Today’s blog article has kindly been provided by Chris Burnett, IP Inclusive taskforce member and Associate at A. A. Thornton & Co., and is about how his firm approached the IP Inclusive Charter in order to put together their Equality, Diversity and Inclusion Policy.  A. A. Thornton & Co. are one of our Charter signatories.

Chris writes: “​

I was involved with IP Inclusive fairly early on, and was keen that my firm should be among the first to sign the new Charter. I was confident that the partners would agree to sign the Charter, and was pleased that they readily agreed without me having to mount my soapbox (there’s a slight, slight, element of regret about this!). However, agreeing in principle to the commitments of the Charter was one thing; acting on them and bringing them to fruition is another thing entirely.Fortunately, I could count on our Head of People, Karen Genuardi, to help. Karen had previous experience of implementing diversity and inclusion policies. We sat down and discussed how A. A. Thornton could make each commitment of the Charter happen, and more importantly, work for the firm:

1.  The first commitment was easy: “Having in place a named individual within our organisation as Equality, Diversity and Inclusion officer.  This person will be sufficiently senior to make change happen and to be accountable for our progress”. Karen gamely volunteered for this role, given her experience, and is part of the senior management team. The second part of the commitment is definitely important – it would be very easy to delegate the role to anyone with enthusiasm, but a partner, CEO or head of HR is much more likely to have the clout to ensure there is firm-wide buy-in.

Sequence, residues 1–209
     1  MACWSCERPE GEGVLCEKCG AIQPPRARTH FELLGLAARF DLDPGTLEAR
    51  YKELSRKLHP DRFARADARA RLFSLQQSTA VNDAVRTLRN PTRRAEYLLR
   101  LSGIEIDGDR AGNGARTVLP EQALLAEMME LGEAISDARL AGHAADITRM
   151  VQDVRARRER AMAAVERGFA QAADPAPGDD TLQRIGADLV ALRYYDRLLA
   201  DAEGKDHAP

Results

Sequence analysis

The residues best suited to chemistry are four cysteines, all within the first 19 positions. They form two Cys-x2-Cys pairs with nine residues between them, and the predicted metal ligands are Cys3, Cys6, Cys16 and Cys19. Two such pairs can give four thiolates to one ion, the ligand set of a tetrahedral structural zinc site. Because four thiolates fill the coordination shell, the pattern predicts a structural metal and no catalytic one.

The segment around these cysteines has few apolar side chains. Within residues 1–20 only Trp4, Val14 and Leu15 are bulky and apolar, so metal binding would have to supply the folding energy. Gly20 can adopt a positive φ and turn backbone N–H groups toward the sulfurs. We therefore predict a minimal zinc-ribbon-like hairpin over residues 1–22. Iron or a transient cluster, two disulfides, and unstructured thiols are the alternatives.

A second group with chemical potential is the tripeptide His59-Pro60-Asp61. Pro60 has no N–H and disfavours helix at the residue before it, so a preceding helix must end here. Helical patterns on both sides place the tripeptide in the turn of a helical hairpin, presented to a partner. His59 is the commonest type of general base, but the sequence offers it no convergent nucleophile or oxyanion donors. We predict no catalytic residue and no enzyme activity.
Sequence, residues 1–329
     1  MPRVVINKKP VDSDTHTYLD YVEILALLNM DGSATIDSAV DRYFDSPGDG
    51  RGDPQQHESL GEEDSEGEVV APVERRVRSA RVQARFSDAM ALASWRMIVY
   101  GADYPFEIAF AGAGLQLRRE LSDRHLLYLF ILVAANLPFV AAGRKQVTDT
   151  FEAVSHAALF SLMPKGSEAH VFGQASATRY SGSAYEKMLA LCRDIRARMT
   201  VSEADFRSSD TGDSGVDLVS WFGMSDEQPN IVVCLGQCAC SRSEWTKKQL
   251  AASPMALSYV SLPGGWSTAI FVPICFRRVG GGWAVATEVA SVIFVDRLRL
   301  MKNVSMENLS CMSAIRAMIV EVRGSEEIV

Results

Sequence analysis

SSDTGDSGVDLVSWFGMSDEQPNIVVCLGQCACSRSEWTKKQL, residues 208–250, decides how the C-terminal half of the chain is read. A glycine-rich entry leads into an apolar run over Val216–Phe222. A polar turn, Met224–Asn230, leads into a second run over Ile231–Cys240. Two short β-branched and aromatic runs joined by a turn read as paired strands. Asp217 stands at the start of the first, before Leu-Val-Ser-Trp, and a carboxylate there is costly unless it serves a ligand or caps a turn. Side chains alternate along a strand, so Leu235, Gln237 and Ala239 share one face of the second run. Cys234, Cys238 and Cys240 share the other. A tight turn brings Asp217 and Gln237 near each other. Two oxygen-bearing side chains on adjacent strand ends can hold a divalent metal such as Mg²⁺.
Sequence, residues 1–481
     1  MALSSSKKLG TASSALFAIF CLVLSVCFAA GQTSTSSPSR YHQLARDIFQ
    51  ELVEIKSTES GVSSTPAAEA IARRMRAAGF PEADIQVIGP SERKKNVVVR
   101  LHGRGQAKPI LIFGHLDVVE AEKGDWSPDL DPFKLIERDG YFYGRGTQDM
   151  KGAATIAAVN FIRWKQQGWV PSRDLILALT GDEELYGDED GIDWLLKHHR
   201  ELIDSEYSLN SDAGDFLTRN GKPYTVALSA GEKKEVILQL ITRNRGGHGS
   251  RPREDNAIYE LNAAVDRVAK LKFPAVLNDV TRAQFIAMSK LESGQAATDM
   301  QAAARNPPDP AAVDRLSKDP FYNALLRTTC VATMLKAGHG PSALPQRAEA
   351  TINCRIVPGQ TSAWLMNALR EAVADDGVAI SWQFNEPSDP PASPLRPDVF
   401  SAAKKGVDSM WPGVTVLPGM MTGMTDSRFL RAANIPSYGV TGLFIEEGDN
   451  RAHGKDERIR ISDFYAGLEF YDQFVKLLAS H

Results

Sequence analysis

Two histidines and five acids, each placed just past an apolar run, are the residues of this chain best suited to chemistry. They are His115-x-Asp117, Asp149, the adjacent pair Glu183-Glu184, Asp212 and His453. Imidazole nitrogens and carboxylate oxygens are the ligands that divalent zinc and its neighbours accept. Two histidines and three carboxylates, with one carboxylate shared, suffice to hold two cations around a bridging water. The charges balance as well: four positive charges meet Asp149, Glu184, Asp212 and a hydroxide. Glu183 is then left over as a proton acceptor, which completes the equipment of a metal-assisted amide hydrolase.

​2.  The second commitment was far trickier. “Having in place a written Equality, Diversity and Inclusion policy for our organisation and making everybody in the organisation aware of it”.

It’s all very well taking a template policy, such as the one helpfully provided on this website, and sticking it in the company manual, but to do it properly actually takes some time. Whilst this template makes an excellent starting point, you still need to think about your firm, and what the current situation is in terms of your firm’s pre-existing policies, and attitudes to diversity and inclusion. In developing our policy, we thought about the company culture and the things we did well. We took into account the feelings of all of the staff.

The key, we thought, was to make the policy achievable. Fortunately, A. A. Thornton is already a firm with a diverse and valued workforce, which practises inclusivity by taking into account people’s differences (e.g. we train our managers in understanding differing personality styles and preferences; we have a variety of flexible working arrangements in place; and a range of social events that don’t revolve entirely around the consumption of alcohol). However, we didn’t want to be complacent, and thought about the things we could do differently and better.

To help inform our diversity policy, we sought an external view and undertook a diversity audit. Yes, such things exist. They were able to bench mark our firm against other law firms, and provided tailored recommendations which we could build into a plan covering short, medium and longer term initiatives.

We also considered how the policy can benefit the existing workforce. We make everyone aware of the various IP Inclusive events and support groups, and provide updates on our intranet. We also learned of a group called City Parents from the diversity audit, and made our people aware of this.